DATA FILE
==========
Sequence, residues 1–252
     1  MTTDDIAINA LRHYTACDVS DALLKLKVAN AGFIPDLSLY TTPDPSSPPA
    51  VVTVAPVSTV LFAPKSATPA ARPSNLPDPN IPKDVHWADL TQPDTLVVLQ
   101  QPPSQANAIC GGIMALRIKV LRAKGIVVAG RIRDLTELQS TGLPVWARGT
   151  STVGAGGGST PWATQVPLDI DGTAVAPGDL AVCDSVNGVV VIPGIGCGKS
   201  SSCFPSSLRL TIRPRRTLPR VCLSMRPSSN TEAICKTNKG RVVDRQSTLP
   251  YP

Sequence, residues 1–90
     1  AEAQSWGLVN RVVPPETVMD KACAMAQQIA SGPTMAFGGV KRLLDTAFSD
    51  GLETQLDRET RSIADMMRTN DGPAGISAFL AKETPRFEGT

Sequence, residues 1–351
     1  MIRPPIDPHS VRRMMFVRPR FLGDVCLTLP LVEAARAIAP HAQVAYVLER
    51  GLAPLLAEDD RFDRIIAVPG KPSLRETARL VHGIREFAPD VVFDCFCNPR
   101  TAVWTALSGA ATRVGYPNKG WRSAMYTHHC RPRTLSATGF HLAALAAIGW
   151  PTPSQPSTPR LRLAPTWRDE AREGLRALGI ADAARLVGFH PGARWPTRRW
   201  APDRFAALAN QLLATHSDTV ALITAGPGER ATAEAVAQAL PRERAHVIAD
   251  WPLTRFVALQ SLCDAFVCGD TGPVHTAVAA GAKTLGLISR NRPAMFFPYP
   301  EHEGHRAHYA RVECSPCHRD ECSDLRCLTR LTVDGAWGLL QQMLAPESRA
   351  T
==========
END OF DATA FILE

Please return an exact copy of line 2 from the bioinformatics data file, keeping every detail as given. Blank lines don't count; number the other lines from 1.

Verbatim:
     1  MTTDDIAINA LRHYTACDVS DALLKLKVAN AGFIPDLSLY TTPDPSSPPA